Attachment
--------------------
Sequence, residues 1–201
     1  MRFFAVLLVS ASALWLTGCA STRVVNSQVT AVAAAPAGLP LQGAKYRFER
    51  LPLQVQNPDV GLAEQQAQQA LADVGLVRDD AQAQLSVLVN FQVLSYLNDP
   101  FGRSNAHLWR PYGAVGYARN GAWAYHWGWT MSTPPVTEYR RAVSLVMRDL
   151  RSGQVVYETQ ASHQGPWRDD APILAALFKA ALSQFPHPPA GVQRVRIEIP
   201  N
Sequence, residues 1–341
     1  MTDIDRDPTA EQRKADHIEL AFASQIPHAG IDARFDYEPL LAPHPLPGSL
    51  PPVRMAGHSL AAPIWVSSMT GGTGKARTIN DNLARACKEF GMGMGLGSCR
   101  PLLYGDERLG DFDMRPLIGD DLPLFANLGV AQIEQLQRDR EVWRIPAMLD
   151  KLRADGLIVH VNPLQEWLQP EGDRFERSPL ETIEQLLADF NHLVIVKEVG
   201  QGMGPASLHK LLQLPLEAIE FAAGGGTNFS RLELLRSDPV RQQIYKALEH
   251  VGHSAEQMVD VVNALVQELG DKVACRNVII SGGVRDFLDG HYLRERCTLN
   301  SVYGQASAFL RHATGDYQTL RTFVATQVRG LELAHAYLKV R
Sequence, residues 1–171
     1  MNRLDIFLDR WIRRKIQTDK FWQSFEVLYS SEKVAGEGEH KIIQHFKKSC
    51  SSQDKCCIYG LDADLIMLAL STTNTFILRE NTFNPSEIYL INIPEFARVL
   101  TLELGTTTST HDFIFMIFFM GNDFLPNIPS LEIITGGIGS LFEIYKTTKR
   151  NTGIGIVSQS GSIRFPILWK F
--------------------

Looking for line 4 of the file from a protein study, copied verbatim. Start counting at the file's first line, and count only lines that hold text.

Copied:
   101  FGRSNAHLWR PYGAVGYARN GAWAYHWGWT MSTPPVTEYR RAVSLVMRDL